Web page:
Our Chief Executive at the Children’s Food Trust, Linda Cregan, talks about the past year in children’s food, and the one ahead.
Christmas can put you in a reflective mood. Rest, family time and the prospect of a brand new year is often when you assess the past year’s successes and challenges, and look forward to the opportunities of the next year.
For many, work schedules don’t always let up before the Christmas holidays begin, so time for genuine reflection before the break is rare. But sometimes there are brief interludes, and I was fortunate enough to enjoy one of these earlier this month when I joined influential public sector catering colleagues at the House of Commons for a round table, hosted by Cost Sector Catering.
Our discussions, which will be shared by the magazine early next year, prompted me to think about the progress the Trust, our partners and others have made in improving the access to better food and food skills for our children during 2014 – and the fundamental challenges that we still need to address if we are to meet our goal of ensuring that every child enjoys the right to eat healthy, nutritious food, irrelevant of their personal circumstances.
In November it was the 25th anniversary of the signing of the UN Convention of the Rights of the Child – a commitment to giving all children good nutrition as part of their inalienable right to a healthy, happy and fulfilled life – exactly what the Trust works everyday to achieve.
Yet a quarter of a century later, there are still too many children – and too many adults – in this country, who want for good, healthy food. They suffer a sort of malnutrition that is far from the haunting images of emaciated children on famine stricken plains that undoubtedly helped to shape the wording of the Convention back in 1989. This modern malnutrition stems from eating poor quality, processed food that is laden with high levels of salt, sugar and fat. It is a diet that condemns too many to obesity related illness and early death.
The implications for our society are profound. A quarter of adults and one in five school children are now obese, up from 15% just 20 years ago. Diabetes and other obesity related conditions are increasing too, and how awful is it that this year we were hearing of the return of rickets in some children. As well as costing lives this puts our NHS under intense pressure dealing with obesity related illnesses. NHS England Chief Executive Simon Stevens might well be justified for calling obesity ‘the new smoking’.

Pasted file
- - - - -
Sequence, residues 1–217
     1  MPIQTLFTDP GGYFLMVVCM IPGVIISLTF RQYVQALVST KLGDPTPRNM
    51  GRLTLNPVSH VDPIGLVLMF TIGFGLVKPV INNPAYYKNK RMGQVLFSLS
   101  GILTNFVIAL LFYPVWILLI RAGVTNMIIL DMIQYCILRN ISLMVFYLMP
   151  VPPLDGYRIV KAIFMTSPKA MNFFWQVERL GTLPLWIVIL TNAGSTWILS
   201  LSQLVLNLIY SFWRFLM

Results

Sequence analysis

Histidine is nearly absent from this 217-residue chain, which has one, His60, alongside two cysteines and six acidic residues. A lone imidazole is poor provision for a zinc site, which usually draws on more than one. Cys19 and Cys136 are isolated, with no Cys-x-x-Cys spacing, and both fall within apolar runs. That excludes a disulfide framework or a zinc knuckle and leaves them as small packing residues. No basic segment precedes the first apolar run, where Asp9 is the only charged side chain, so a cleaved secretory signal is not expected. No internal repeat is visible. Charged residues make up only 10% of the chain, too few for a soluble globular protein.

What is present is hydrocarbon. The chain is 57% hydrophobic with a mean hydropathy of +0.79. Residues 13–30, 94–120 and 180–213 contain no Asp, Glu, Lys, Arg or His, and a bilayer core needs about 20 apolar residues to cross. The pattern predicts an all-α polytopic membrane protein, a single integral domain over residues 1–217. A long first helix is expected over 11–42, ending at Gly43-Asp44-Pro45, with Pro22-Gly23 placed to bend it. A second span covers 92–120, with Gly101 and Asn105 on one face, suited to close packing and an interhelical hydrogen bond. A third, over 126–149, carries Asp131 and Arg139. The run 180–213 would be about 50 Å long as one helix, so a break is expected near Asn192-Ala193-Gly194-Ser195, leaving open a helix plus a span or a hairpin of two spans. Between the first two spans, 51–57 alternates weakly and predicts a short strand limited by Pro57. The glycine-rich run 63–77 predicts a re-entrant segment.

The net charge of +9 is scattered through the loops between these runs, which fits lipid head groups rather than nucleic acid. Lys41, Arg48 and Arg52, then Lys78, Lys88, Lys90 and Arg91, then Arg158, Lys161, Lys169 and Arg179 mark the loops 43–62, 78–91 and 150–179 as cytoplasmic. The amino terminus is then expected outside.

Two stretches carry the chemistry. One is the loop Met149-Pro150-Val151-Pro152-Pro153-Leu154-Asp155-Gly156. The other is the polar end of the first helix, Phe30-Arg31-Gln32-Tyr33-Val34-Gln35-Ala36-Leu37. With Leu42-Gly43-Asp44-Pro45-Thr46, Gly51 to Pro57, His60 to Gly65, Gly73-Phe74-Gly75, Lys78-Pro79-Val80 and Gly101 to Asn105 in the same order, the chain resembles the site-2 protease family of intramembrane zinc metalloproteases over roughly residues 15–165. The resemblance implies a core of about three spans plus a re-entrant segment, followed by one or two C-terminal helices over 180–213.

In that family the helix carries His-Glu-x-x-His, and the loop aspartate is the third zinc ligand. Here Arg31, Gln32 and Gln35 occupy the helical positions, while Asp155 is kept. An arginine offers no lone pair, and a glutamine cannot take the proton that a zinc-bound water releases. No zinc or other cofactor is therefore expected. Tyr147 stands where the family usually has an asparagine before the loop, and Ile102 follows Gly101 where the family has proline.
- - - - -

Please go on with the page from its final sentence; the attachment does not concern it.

Of course significant strides have been made during 2014 to give more children access to healthy, nutritious food, and the Trust is proud to be playing a key role in these efforts.
The introduction of free school meals for infant pupils in 16,000 schools back in September was an historic time and has the potential to impact on the health and education of our children for years to come. Working with LACA and our other partners, our advisors are helping schools overcome practical issues associated with what is a major expansion of school meal provision.
Cooking is back in the school curriculum, and we’re training those who care for under-fives in how to provide food in line with the national food and drink guidelines, which we launched in 2012.
The introduction of the new school food standards, which the Trust has been instrumental in developing will come into force on 1 January and through our menu checking service we’re helping school caterers make sure that their new menus meet those standards.
Changing the cooking habits of families at home is equally important because this directly influences what children eat. Our network of 5,000 Let’s Get Cooking Clubs has helped to get more than three million children and adults cooking, with 58% of participants telling us that they make healthier food choices after taking part, and we were pleased to be able to reach more children and their families this year by extending cookery clubs into 50 Tesco stores for the entire summer holidays.
The Trust is working hard to make a positive difference but it’s clear to me and my colleagues that there is still much to do in this modern war against want.
Few of us can predict exactly what lies in store for us in 2015 but one thing is certain – the Trust, its partners and everyone concerned with children’s food won’t relent until we can fulfil the ambitions of the UN Convention and ensure that every child has the right to enjoy healthy and nutritious food.